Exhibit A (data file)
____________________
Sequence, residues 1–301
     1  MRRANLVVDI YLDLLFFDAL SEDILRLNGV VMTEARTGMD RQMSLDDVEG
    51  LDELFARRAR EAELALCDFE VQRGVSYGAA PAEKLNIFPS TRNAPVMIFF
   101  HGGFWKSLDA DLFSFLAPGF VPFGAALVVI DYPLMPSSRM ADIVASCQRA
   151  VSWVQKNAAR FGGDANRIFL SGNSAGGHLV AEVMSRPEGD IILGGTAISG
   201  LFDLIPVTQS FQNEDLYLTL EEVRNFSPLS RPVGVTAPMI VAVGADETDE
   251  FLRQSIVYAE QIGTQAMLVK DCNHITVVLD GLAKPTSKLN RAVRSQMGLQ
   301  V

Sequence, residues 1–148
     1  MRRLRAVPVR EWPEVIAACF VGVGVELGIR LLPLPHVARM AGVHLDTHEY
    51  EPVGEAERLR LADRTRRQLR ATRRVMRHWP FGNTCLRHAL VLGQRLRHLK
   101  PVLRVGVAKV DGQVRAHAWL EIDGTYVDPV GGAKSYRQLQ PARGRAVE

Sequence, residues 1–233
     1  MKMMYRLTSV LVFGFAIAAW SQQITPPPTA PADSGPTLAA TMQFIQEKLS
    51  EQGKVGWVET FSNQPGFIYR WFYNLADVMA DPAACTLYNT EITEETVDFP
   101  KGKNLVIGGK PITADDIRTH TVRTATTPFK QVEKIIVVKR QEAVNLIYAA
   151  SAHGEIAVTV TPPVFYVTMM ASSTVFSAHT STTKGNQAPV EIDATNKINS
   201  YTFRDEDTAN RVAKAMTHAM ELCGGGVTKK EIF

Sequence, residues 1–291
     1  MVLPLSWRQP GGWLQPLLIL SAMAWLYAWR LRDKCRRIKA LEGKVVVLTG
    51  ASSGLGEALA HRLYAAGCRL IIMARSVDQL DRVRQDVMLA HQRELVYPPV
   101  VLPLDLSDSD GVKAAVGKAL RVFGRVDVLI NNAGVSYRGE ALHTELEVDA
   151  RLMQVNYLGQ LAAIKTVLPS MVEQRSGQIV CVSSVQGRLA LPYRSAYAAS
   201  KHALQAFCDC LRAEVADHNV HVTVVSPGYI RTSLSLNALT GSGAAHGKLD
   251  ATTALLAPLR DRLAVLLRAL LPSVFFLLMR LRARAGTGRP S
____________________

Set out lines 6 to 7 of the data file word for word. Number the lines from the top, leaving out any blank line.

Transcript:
   201  LFDLIPVTQS FQNEDLYLTL EEVRNFSPLS RPVGVTAPMI VAVGADETDE
   251  FLRQSIVYAE QIGTQAMLVK DCNHITVVLD GLAKPTSKLN RAVRSQMGLQ